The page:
As the eBird reviewer for Saudi Arabia one of my responsibilities is to ensure the validity of the sightings being entered into the eBird database. Any sightings considered rare, out of place, out of season, or numbering greater than what would be expected get flagged and sent to my review queue, from where I may need to reach out to the observer if there was, for example, insufficient documentation. Because so few people are using eBird in Saudi, mainly because there are simply not a lot of birders here, I sometimes go to the country list to check what has been seen recently and by whom. This way I can catch and weed out the oddball reports that occasionally slip through the net, such as the Golden Eagle, which is here for sure but very uncommon and local, observed “feeding on prey” in a public park in the center of Jeddah.

Well, a short time ago I was scrolling through the recent sightings, past the names of observers with whom I’m already familiar, when I saw someone new–a Samuel Hodge reporting a Grey Wagtail on May 9, eBird’s Global Big Day. Grey Wagtail pass through Saudi during migration in the spring and fall and would be a prize addition to any outing, so I was curious what else he had seen that day and where. Turns out that he was based in the Eastern Province as well, so I clicked on his eBird profile, always keen to learn more about the small but growing crew of eBirders in the Kingdom. I was happy to discover that Mr. Samuel Hodge was American, like me, and also a blogger. I followed the link to his website–Birds and Turtles–and from all the wonderful posts and pictures, it was clear that Samuel was someone who is passionate about birds and other wildlife and that he’s had some pretty amazing experiences traveling the world to learn about them. 

The smart little Grey Wagtail Sammy and his family saw during the Global Big Day on May 9, 2020. Check out Sammy’s website to see photos of some of the other birds they saw that day.

When I showed my wife his profile and website, she suggested that I interview him for Saudi Birding. Certainly with all the issues facing global wildlife, we’re going to need the passion and energy of young people, like Samuel, to help solve them. His is a voice, like that of so many caring and committed youth around the world, that deserves to be amplified and shared. So I was honored when he agreed to my request for an interview.

Without further ado, introducing Samuel “Sammy” Hodge.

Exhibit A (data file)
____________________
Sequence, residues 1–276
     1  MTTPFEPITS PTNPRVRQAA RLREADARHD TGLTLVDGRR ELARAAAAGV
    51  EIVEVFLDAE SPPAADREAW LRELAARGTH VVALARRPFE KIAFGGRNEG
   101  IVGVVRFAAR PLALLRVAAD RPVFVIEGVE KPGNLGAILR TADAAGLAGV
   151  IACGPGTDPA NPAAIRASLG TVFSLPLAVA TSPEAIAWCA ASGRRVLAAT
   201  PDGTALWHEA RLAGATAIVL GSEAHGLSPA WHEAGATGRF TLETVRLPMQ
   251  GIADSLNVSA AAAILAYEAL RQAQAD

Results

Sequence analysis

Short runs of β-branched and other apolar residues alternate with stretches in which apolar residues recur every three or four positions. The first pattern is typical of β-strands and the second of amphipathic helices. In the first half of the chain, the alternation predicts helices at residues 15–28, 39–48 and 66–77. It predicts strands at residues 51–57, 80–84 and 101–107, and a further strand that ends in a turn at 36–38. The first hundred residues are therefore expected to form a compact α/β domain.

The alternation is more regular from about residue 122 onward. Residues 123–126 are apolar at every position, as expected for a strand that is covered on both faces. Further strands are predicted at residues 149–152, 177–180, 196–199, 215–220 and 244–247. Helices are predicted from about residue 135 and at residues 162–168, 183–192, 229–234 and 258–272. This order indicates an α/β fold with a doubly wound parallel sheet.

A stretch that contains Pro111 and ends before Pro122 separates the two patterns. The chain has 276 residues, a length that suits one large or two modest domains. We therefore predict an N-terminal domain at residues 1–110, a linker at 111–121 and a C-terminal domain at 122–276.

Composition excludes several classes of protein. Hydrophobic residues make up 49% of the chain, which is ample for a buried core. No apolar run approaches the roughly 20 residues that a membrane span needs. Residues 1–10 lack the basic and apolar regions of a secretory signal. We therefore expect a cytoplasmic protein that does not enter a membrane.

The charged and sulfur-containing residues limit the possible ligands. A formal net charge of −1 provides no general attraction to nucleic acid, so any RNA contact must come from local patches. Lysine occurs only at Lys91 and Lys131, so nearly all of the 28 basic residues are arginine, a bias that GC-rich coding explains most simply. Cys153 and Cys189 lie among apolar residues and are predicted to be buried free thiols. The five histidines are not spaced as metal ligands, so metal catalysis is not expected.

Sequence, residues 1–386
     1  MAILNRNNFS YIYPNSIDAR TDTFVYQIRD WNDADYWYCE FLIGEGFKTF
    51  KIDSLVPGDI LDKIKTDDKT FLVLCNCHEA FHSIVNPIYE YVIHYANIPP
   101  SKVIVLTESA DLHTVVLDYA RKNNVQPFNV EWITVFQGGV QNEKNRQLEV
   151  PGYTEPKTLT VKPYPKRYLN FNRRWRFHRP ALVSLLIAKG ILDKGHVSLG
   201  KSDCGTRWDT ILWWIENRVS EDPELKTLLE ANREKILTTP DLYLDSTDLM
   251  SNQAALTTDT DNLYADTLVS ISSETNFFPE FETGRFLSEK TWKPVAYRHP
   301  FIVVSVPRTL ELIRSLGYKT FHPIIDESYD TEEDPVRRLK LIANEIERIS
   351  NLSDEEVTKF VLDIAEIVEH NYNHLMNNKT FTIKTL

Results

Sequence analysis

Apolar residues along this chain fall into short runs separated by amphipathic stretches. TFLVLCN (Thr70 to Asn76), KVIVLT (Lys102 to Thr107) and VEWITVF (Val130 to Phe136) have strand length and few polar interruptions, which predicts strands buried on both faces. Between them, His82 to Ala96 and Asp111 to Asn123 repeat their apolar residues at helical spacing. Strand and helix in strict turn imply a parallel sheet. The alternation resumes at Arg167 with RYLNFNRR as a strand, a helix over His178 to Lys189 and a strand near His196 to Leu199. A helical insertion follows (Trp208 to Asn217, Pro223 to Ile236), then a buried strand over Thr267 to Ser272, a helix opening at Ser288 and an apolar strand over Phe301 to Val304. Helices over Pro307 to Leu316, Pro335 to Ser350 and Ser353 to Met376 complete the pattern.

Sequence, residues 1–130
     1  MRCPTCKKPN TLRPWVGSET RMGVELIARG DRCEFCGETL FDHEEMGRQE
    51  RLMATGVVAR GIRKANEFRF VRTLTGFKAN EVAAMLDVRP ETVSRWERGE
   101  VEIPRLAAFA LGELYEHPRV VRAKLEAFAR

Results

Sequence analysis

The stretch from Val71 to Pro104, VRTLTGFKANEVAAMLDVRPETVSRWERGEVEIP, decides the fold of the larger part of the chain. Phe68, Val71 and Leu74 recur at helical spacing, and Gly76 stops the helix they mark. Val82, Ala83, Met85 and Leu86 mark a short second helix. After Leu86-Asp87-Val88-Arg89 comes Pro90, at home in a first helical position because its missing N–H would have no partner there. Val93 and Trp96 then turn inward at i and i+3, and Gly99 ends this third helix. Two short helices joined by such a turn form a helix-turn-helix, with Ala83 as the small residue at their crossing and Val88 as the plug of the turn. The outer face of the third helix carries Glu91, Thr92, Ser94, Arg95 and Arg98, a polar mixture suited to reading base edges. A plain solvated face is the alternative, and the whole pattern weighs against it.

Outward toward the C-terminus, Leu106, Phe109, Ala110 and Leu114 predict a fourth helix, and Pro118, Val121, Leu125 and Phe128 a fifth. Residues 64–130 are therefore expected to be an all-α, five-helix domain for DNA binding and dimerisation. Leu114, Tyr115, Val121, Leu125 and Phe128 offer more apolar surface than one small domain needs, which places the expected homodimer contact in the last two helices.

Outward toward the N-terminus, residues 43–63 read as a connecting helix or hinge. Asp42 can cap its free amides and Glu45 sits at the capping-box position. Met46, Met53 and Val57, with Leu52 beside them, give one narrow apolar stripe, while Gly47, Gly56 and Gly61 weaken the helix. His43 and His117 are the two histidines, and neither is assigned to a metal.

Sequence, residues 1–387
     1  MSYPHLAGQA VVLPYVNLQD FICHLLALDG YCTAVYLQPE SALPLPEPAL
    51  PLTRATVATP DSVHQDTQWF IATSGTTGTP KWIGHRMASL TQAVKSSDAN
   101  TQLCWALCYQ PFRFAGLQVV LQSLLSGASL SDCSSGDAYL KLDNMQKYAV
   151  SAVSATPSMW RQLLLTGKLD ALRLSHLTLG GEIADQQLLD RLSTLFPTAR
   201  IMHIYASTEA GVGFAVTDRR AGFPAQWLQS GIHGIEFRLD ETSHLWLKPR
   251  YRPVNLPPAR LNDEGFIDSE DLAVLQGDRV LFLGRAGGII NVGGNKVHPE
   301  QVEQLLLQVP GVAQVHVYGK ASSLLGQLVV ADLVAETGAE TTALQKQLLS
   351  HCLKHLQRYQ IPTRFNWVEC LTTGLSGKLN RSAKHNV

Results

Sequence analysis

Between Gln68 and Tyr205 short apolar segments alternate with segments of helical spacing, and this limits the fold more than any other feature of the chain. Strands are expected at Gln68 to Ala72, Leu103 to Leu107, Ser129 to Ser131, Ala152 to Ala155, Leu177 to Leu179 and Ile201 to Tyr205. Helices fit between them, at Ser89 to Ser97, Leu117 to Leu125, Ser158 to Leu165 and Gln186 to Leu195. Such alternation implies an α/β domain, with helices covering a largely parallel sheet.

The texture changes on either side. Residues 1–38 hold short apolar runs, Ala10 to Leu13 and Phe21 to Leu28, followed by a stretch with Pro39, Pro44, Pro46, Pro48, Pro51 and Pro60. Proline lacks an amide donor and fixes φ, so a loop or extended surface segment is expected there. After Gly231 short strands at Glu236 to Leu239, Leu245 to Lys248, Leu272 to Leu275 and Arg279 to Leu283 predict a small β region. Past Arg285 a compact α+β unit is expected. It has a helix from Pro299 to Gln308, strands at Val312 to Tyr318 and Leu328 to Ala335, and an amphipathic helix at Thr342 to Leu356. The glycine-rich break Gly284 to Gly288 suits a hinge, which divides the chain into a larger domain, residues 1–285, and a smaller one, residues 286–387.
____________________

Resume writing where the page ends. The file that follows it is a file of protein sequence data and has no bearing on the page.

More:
Samuel’s eBird profile showing all of the countries where he has made bird observations

SB: First off, please introduce yourself to my readers.

SH: My name is Samuel Hodge, and I am going into fifth grade in Ras Tanura, Saudi Arabia. I am ten years old. I am from Cape Cod, Massachusetts, and I live next to a cranberry bog and a lake. I like to catch and release crayfish in the lake, and catch and release frogs on the boardwalk. I like to go bird watching with my 5 year old sister, my mom and my dad here in Ras Tanura but also when we go traveling to places like Cyprus, Sri Lanka, and other amazing places to go birding.

SB: What brought you and your family to Saudi Arabia?

SH: We were living in Cape Cod, Massachusetts, and my parents were teachers there. My five year-old sister was just born and the lifestyle of living in Ras Tanura was perfect for all of us because we were all together more than we would be living in America. Also, my parents wanted us to travel more and see the world. We felt like moving to Saudi because it was familiar to them, and a little to me because they had previously taught at the American International School of Riyadh, where I was born.

SB: What’s your favorite thing about living in Saudi?

SH: My favorite thing about living in Saudi is since we live next to the Gulf, we see all the beautiful migrating birds that stop here for their final stop, and they stay here for a couple of weeks, so we have enough time to take pictures of them. Sometimes we see hundreds of Socotra Cormorants on the water in gigantic flocks on their way to the Island of Socotra to mate. We also love to see migrating Blue-cheeked and European Bee-eaters. One of our favorite activities is to go to the golf course where they often feed on insects, and count them. The sound of their song makes us feel happy, especially this spring when we were under curfew.

A Blue-cheeked Bee-eater in the Eastern Province doing its share to help deal with this winter’s locust plague

SB: When did you first become interested in birds?

SH: My grandpa used to take my mom and dad birding in Washington State, and before I could even walk, I was going bird watching in Washington State. When I go to my grandpa’s house in Washington State, I make bird houses for flickers, pileated woodpeckers and many more birds. I have a whole series of bird houses for each species of bird. I have been doing this since I was seven, and my grandpa has continued building the houses for me. Then we hang them up in the forest behind his house. When I go to my other grandpa’s house, also in Washington State, I feed Steller’s Jays peanuts. When I lived on Cape Cod we had a bird feeder in both the front and back yard. My mom and I love watching Northern Cardinals at our bird feeder that we bought and then my grandpa helped me set up a pulley system so we could easily refill it. We still love riding across the street to the many bogs and then we watch Canada Geese with their Goslings and Mute Swans with their Cygnets.

Sammy and his dad out birding in Washington State

SB: You’ve got a wonderful blog that everyone should follow, but I was wondering why “Birds and Turtles”.